Lots of people don’t care much for lettuce, and for good reason.  The kind most of us buy and/or eat at restaurants is usually rock hard commercial iceburg lettuce that’s watery and has essentially no flavor at all.  Some restaurants and supermarkets do offer other kinds, and that’s a blessing, but there’s a world of lettuce types out there, and with just a tiny patch of land you can grow your own, and that means LOTS of kinds.

Actually, many of us plant lettuce every spring because the plant is quick to grow and handles cool weather.  I rarely fail to plant several kinds, including the old standard Blackseeded Simpson, along with radishes and onion sets which also handle cool weather.  I just get impatient, as doubtless do you, to see something green and growing after a long winter. 

But once again, there are plenty of different kinds of lettuce, each good in its own way, lettuce ranging from firm and crunchy to melting and buttery, and in colors that range from pale lime green to burgundy bronze.  You can get them as “mesclun” too, with several kinds in a single package and sometimes even endive, mustard and cress for more tangy flavor.

Actually, there are only three basic categories of lettuce.  Romaine is one, and its various types have upright leaves around thick, juicy full flavored hearts.  Romaines are sweet and crunchy, and in both the Middle East and Asia they’re  used as edible food wrappers or servers.  This lettuce is often bred for large size and weight, and is a favorite in Caesar salads.

Then there are the Batavians, which have been long popular as fresh market lettuces in western Europe.  You won’t find it here often, so you’ll need to buy seed and grow your own.  They’re available in several garden catalogs, and can be ordered direct from such as Renees Garden  or by calling the company toll-free at 1-888-880-7228.  The Batavians are very resistant to hot weather bolting, and their tasty leaves can be harvested from baby to full sized plants.  They’re eye pleasing too, coming in handsome reds and greens.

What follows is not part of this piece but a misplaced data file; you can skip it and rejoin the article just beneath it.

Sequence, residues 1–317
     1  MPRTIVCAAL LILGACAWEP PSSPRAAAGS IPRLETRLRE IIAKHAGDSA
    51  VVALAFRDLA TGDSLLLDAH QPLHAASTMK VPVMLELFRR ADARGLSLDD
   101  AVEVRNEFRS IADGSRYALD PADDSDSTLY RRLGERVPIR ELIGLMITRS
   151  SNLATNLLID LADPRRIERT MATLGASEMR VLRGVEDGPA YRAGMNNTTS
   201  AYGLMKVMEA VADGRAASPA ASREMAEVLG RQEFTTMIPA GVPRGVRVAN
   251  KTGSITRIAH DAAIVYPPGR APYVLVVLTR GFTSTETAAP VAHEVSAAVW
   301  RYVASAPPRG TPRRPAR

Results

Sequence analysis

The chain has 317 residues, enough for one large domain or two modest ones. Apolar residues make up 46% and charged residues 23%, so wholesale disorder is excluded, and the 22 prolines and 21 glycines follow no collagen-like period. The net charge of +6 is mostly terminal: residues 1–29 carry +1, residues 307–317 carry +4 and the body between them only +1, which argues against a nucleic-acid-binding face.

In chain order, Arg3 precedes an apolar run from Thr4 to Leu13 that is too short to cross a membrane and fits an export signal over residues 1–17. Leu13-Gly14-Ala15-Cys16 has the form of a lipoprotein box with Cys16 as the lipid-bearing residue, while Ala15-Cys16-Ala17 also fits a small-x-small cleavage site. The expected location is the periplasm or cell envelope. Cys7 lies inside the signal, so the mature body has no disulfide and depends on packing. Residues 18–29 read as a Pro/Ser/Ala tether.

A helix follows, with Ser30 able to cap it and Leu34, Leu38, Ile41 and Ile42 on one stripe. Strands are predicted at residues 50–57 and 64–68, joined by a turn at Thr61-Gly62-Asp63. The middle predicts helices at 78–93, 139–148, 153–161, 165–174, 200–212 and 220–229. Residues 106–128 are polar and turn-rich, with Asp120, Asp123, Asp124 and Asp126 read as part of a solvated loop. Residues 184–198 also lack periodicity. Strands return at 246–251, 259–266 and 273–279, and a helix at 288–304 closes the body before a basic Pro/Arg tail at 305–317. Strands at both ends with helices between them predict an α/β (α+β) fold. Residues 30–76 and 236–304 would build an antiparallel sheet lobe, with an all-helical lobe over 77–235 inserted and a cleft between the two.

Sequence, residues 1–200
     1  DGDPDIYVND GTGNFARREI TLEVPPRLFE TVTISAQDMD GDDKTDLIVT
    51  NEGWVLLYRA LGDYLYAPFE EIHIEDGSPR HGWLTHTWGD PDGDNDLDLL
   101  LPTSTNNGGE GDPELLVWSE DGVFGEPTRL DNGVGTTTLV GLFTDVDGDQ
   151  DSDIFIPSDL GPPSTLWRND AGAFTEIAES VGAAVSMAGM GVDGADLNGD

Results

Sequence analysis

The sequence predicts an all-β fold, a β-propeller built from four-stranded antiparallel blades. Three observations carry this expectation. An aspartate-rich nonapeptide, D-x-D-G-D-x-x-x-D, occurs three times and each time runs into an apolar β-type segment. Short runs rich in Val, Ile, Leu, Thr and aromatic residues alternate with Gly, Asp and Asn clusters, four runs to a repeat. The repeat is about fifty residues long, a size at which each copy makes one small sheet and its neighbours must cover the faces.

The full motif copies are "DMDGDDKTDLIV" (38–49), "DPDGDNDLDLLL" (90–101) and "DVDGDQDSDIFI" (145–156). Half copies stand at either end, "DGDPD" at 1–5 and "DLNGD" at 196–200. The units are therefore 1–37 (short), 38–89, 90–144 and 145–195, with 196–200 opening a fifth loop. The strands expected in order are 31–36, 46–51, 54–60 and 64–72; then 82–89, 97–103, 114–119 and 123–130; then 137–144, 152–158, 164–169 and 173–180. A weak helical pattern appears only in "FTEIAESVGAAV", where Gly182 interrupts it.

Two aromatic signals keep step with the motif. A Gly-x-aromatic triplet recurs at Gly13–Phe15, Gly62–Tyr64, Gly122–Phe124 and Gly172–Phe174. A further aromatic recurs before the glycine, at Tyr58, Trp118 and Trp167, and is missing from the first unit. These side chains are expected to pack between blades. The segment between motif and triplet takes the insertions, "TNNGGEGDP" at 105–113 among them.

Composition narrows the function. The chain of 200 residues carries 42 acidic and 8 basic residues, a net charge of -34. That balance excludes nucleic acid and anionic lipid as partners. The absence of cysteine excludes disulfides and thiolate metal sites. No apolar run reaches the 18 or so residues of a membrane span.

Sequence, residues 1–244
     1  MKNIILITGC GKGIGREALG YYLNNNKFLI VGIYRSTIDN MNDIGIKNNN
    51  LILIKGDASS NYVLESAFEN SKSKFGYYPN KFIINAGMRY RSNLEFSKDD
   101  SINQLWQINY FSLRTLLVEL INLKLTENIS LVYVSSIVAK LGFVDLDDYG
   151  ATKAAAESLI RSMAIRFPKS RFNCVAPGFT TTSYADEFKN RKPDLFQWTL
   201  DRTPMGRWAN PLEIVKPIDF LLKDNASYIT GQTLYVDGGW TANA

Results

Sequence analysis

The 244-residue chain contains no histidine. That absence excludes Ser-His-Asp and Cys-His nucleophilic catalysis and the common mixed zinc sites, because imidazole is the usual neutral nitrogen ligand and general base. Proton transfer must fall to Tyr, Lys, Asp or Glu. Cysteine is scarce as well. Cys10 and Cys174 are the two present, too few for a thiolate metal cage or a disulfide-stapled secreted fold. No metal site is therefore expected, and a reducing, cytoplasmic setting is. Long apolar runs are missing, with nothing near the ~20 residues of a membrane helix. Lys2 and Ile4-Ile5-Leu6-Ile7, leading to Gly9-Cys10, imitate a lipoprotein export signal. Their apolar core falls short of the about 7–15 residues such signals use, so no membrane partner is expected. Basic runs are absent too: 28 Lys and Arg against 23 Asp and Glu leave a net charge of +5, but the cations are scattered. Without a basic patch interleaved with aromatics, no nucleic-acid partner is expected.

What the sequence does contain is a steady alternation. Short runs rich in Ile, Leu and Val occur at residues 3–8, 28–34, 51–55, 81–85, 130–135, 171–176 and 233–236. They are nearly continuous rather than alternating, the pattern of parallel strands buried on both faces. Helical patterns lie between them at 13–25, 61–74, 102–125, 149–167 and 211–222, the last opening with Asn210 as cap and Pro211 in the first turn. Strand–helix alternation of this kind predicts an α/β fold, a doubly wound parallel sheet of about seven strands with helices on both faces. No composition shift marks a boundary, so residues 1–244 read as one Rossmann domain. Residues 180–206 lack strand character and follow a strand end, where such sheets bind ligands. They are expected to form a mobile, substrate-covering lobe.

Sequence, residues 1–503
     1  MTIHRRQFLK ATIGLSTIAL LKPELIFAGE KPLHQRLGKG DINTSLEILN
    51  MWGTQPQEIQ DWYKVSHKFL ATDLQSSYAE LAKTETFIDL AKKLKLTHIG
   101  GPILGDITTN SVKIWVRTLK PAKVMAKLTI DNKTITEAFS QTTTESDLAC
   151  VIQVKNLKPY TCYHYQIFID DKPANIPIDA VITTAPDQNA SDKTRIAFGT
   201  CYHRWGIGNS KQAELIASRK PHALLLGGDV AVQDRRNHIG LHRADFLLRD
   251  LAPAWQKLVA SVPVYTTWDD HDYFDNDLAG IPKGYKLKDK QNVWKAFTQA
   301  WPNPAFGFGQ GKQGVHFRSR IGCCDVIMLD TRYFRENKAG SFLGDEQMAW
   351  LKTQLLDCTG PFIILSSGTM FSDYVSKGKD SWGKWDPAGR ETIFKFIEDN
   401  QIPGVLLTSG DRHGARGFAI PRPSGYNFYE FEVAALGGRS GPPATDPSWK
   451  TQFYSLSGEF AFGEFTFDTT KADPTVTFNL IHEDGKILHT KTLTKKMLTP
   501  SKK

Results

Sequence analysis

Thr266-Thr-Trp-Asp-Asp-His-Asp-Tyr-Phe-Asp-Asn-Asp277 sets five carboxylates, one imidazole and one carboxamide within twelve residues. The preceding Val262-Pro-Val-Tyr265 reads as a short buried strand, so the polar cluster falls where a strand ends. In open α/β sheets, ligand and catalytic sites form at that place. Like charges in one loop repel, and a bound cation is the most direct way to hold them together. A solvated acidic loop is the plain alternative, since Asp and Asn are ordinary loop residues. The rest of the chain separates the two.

Finally, come the Butterheads with softly folded smooth leaves.  They’re the lettuce of choice in Europe, outselling all others, because of their delicate flavor, and are also eye pleasing with loose, open rosettes on tighter, semi-solid heads.  Butterheads pair nicely with fruity vinegar and soft cheeses. 

Lettuce isn’t hard to grow, and I often simply make a shallow row, add fertilizer and seed, and rake gently to barely cover the seeds.  But you’ll have best luck growing them in flats or containers, so the seed can be kept evenly moist.  Use containers at least 2 inches deep filled with a good seed starting mix, and sprinkle the seeds thinly, about a quarter to half inch apart.  Then cover lightly and keep them moist in an environment of 60 – 70 degrees.  They’ll germinate quickly and once several inches tall, can be transplanted to your garden.

To keep them growing well, add moisture as needed, and fertilize several times with a half strength fish emulsion.  Watch for snails and slugs, and hand pick them as needed or place slug bait around the outside edges.  And to extend your season, place a shade cloth above on hot days.  Simple tactics for a simple plant, but the result will be salads with “Zing.”

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